FIGS. 11a and 11b depict a multi-alloy monolithic extrusion having an integral crack stopper 70. In one embodiment, an alloy composition providing crack resistance, such as Aluminum Association 2XXX series alloy, is positioned between alloy compositions providing increased strength, such as Aluminum Association 7XXX. It is noted that the above description is not limited to 2XXX, 6XXX or 7XXX alloys, as other alloys have been contemplated, and are within the scope of the present invention.

In another aspect of the present invention, a method is provided for manufacturing the above described multi-alloy monolithic extrusion. Although, the following description, discusses a bi-alloy extrusion, wherein the monolithic extrusion is composed of two alloys, the following disclosure is equally applicable to extrusions of three, four, five or greater than five alloys, so long as each billet is sectioned and machined to contact one another and joined to allow for each of the alloys to be co-extruded together.

First, the method calls for providing a first billet, which is manufactured from a first aluminum alloy, and at least a second billet, which is manufactured from a second aluminum alloy. Each of the billets have a first end, a second end, and an exterior surface. The billets are then sectioned, preferably along the billets longitudinal direction (L), in order to expose an interior surface. Preferably, the surfaces to be joined as machined substantially flat. In one embodiment, each of the first and second billets are cut in half to form half billets. The half billet formed from the first billet is hereafter referred to as the first half billet. The half billet formed from the second billet is hereafter referred to as the second half billet.

Once the first half billet is properly positioned adjacent to the second half billet, as depicted in FIG. 12a, the first half billet is welded to the second half billet to form a third billet. Although tack welding (e.g. gas metal arc welding, gas tungsten arc welding, friction stir welding) is preferred, it is noted that one skilled in the art would recognize that other welding techniques such as high density welding (laser, electron beam), pressure/cold welding, brazing, adhesive bonding, mechanical joint cold, mechanical joint forged, weld splicing along face, and weld splicing along billet may also be used to weld the two billet halves to one another.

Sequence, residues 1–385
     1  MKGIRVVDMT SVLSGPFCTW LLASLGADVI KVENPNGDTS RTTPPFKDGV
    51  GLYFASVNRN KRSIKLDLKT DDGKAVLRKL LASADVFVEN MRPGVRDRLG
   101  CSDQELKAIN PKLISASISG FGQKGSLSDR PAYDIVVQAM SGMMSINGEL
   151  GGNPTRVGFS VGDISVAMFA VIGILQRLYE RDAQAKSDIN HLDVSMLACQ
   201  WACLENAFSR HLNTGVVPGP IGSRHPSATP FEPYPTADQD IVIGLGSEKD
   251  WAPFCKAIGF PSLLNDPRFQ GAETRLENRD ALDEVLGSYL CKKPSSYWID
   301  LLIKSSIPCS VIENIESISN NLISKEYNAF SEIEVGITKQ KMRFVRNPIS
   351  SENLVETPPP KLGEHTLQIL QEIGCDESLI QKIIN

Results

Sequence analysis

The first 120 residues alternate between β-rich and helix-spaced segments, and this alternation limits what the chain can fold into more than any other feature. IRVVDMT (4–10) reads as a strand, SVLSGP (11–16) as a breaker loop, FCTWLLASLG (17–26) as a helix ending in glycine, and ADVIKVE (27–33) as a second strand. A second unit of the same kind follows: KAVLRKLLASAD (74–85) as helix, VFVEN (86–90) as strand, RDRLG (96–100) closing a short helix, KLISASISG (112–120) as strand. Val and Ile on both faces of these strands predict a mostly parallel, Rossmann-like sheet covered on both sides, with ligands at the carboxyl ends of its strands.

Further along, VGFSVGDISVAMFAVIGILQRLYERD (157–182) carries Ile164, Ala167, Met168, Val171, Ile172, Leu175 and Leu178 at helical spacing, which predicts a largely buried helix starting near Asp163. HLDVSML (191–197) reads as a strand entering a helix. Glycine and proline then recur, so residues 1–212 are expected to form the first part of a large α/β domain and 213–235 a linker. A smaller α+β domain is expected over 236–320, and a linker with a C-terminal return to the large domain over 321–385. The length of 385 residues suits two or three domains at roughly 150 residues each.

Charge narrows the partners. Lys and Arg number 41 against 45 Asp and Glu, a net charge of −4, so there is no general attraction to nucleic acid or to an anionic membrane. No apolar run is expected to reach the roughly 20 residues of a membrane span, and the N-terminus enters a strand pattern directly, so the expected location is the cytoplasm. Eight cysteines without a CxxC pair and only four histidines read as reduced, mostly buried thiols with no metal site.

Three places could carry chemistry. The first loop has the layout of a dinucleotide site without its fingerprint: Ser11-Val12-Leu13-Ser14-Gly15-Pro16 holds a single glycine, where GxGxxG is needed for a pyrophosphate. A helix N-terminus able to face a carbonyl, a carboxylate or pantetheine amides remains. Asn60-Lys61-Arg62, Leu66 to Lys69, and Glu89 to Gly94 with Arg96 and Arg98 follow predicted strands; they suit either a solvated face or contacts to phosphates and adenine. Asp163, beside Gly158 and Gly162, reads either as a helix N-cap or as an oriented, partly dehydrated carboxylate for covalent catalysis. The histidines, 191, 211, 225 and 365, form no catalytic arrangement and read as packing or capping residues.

The third billet is then extruded through an extrusion die thereby forming the desired multi-alloy monolithic extrusion. In other words, the first and second half billets are co-extruded through the extrusion die, which metallurgically fuses the aluminum alloy used in the first half billet to the aluminum alloy used in the second half billet. The temperature of the extrusion process is selected to provide softening of the alloys in providing the metallurgical fusion bonding the alloy compositions of the multi-alloy monolithic extrusion.

In one embodiment of the disclosed method, the interior surface of the first half billet as well as the interior surface of the second half billet are flat machined prior to positioning the first half billet adjacent to the second half billet in order to ensure that the interior surface of each billet half is substantially flat. After the interior surface of each of the billet halves have been flat machined, the interior surface of the first half billet is positioned adjacent to and in contact with the interior surface of the second half billet prior to welding. In one embodiment, a clean interior surface on the sectioned billets is provided by encasing the billets and reducing moisture content through the use of desiccant.

In another embodiment, a first billet and at least a second billet are sectioned perpendicular to the longitudinally direction, wherein each billet is positioned adjacent to one another at their sectioned ends, as depicted in FIG. 12b. It is noted that one skilled in the art would recognize that the first and second half billets could be stacked vertically, placed side-by-side in a horizontal manner, or consist of strategically placed vertical and horizontal mixtures.